Everyone has made bad decisions before, but not all of them lead to a catastrophic future. However, in William Shakespeare's play of Romeo and Juliet, the main characters Romeo and Juliet, introduced as star-crossed lovers, die tragically at the end of the book due to a series of terrible decisions. There were times when they missed each other literally by mere minutes; however, it is not fate that lets them slip past each other, it was still their choices that lead to the outcome. They were not victims of fate; they were just blinded by love and made bad choices which ultimately terminated their lives. In Romeo and Juliet, not fate, but choices made by the characters were the most influential thing leading to their death; however, Romeo blames the outcome on fate rather than taking up the responsibility.
Romeo's bad decisions throughout the play influenced the outcome the most, he uses fate as a scapegoat and it shows how he does not take up responsibility. After learning of the Capulets holding a party, Romeo questions if he should attend, "Your lady's love against some other maid/ That I will show you shining at this feast,/ And she shall scant show well that now seems best./ I'll go along, no such sigh to be shown./ But to rejoice in splendour of my own?" (Romeo, 1.3.101-106). One bad decision Romeo makes is to agree to go to the party. As the son of Lord Montague, he knows very well about the ongoing feud between the house of the Capulets and the Montagues; however, he still agreed to attend the opposing family's party. Romeo was blinded by ?love? here, which shows how immature Romeo?s character is, he forgets about the whole family feud and all the consequences that could happen. After falling in love with Juliet, Romeo blames fate for bringing them together. This also shows him as an irresponsible person, he uses fate as a scapegoat but would not take the responsibility of making the choice. Fate did not conclude to this, it was Romeo's choice to go to the Capulet's party regardless of the family feud. Romeo decides on suiciding after hearing the news of Juliet's death, "Thou detestable maw, thou womb of death,/ Gorg'd with the dearest morsel of the earth,/ Thus I enforce thy rotten jaws to open,/ And in despite I'll cram thee with more food" (Romeo, 5.3.45-48).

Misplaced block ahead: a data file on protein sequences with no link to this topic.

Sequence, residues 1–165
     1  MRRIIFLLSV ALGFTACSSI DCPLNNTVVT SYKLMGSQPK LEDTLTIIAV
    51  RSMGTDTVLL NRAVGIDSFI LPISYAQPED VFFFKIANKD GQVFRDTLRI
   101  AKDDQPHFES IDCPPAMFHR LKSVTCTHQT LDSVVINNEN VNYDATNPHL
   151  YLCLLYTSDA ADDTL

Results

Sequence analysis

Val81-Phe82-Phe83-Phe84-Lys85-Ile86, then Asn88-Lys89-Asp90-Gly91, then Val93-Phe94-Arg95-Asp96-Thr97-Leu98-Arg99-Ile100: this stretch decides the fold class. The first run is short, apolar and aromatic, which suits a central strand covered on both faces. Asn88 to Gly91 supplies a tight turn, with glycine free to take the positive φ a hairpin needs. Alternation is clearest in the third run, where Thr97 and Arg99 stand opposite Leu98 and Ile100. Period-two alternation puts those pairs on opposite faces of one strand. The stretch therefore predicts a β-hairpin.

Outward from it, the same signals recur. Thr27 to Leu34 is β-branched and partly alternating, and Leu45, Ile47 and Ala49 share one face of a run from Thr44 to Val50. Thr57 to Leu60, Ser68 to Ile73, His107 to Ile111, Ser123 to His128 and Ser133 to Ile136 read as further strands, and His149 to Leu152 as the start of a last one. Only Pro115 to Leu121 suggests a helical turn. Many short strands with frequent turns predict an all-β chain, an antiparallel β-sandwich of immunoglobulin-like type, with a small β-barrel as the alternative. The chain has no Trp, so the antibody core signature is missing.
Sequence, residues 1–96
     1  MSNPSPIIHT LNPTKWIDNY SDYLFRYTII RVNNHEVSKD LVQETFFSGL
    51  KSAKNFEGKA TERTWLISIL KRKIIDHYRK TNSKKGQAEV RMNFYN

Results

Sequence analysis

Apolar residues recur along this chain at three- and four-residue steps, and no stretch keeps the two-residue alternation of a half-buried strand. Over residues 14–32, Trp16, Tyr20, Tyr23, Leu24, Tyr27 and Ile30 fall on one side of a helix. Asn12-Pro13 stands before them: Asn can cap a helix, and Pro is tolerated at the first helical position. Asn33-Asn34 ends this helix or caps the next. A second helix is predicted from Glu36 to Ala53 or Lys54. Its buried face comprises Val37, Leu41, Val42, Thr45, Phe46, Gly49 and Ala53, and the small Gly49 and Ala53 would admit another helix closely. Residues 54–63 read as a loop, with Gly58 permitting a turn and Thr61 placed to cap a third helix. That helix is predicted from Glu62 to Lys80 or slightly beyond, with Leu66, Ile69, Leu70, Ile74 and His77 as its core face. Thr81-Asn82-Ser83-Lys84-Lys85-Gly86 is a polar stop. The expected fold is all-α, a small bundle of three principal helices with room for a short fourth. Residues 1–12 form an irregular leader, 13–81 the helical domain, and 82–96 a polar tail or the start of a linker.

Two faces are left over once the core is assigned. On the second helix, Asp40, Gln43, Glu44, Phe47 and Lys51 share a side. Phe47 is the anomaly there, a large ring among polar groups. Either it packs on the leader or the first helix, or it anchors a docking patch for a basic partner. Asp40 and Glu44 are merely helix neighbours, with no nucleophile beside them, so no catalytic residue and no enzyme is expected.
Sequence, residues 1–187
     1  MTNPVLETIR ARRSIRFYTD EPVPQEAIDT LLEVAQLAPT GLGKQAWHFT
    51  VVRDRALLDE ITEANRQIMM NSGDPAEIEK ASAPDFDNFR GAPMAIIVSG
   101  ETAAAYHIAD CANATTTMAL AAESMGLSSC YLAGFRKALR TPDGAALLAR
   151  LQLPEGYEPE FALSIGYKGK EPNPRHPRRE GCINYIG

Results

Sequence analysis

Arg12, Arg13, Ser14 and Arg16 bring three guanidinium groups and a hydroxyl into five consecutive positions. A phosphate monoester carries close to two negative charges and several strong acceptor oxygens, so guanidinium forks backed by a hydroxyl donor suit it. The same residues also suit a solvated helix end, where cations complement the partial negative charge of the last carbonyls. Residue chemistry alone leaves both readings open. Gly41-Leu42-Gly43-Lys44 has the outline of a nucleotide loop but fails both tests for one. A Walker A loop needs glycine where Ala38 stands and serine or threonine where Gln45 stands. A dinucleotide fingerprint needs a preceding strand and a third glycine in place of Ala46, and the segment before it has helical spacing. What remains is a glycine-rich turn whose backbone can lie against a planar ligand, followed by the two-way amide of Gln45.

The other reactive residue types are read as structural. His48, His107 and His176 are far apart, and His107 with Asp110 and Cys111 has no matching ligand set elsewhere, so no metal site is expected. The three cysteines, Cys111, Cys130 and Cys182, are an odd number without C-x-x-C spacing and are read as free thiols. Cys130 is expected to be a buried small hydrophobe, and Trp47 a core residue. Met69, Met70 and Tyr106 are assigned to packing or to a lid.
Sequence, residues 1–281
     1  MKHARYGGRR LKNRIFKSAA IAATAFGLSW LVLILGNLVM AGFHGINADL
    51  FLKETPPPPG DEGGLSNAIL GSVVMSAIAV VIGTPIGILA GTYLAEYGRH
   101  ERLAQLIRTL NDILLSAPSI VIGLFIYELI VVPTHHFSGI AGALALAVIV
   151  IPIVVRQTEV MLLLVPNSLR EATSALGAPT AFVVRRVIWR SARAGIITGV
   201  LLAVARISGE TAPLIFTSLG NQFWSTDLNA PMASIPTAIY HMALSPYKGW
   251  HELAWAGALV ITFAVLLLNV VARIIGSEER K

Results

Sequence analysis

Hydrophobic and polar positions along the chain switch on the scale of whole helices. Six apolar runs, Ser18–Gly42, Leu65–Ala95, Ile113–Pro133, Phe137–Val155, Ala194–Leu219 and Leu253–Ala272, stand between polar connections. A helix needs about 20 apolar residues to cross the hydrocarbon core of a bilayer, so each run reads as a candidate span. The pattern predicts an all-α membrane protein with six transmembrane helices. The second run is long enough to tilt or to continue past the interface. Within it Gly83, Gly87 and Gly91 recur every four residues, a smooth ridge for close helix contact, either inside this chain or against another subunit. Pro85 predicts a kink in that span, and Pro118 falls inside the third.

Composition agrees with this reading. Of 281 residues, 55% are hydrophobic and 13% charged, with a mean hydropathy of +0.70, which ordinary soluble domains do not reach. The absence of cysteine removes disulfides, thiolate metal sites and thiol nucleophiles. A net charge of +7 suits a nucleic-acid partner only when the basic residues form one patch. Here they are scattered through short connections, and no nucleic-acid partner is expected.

He rushed to the tomb to kill himself so he can lie next to her, "...I will stay with thee/ And never from this place of dim night/ Depart again. Here, here will I remain/ With worms that are thy chambermaids? Here's to my love! O true apothecary/ Thy drugs are quick. Thus with a kiss I die" (Romeo, 5.3.106-120). Although a series of unfortunate coincidences caused the miscommunication, Romeo made the choice of killing himself alone; nobody forced him to come back to Verona or to kill himself. He could have faced the problem in a more mature way instead of becoming too drastic and choosing to commit suicide rashly in the end. The accident of not having the letter about Juliet's death being fake delivered to Romeo in time wasn't controllable. However, his unfortunate event only provoked his intentions, it did not ultimately cause them. Romeo blames fate for taking her life, he does not consider the fact that he was the one who made the choices concluding to this problem as he chose to kill Tybalt which got him expelled from Verona. These two bad decisions Romeo made shows that fate is not what concluded to the misfortune, it was his own choice that led to the tragic ending of the play.